room with the shader, he was moaning about the set. I asked what was wrong?
He showed me. By adjusting the skin control I watched the set come to
life as if it had been lit by colored specials that were on a dimmer.
So much for skin control for that show.
skin-tone detail circuits can be dangerous. Anything in the shot within
the "fleshtone" color range will also be softened.
could use it if you have tested on the actual set with the finished lighting
and wardrobe; otherwise you are putting yourself at peril.
think most people prefer to use traditional methods to control the look
of your subject; better makeup, softer lighting, lower detail setting,
and, if all else fails, learn to love the character in the face.
for the record: The Emmy for skin tone contours was shared between Philips
and Ikegami. I am the inventor of automatic skin tone detection (pat nr
US 5,428,402) that was the basis of our Emmy. But the original inventor
of skin contours was Mr Hunt of RCA, I think in 1984 (US 4,506,293) Actually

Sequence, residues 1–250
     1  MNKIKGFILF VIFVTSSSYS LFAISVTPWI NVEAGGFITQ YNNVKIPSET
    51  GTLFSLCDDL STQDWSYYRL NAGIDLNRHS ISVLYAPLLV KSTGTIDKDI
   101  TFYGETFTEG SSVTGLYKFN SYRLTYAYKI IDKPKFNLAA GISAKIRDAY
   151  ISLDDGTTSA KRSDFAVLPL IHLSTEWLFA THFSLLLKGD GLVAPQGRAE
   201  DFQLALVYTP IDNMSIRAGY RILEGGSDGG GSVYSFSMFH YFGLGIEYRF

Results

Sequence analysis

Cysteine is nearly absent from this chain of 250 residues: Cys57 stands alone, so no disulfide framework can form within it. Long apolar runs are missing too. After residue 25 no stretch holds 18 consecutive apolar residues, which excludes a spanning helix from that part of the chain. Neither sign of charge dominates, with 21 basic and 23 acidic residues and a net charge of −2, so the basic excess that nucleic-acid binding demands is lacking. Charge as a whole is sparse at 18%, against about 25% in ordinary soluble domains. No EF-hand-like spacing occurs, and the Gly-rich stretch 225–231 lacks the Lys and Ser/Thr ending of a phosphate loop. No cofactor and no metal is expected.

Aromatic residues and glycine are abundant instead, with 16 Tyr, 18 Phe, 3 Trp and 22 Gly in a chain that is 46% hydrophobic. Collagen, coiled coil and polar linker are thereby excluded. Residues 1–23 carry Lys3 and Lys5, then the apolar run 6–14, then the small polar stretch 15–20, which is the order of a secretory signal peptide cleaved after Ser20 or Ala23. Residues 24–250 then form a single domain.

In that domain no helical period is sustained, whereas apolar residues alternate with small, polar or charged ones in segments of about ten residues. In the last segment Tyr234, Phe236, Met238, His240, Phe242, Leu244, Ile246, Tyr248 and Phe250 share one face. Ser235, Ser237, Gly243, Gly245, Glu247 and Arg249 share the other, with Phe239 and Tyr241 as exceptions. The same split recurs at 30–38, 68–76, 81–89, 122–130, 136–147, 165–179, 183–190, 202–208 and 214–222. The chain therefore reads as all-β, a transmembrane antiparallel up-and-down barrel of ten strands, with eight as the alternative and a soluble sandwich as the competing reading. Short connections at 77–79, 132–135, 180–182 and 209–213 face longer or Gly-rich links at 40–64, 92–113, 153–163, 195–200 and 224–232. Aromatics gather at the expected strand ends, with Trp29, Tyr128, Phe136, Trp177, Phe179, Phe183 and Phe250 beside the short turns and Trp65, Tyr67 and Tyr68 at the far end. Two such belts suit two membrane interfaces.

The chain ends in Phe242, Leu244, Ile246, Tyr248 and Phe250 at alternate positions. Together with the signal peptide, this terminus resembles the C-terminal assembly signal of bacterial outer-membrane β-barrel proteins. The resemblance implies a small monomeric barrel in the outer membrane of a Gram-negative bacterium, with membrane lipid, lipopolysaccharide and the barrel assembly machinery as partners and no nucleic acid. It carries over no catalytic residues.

he deserves the Emmy for the original idea. We, Ikegami and Philips got
it for the implementation.
for practical use: I agree with earlier statements in the discussion that
it is not very useful for high definition imaging. However it is very
useful for systems where excessive contours have to mask limited resolution
(like NTSC). Another typical use is when pictures will get compression:
e.g. using skin contours on surfaces like the grass on a soccer field
to avoid overloading the compression with unnecessary details.
do you think that selective control of reducing resolution *would* be
useful in a much higher res camera? Lets say a 4k HD camera? Application
would be the transfer to 35mm film.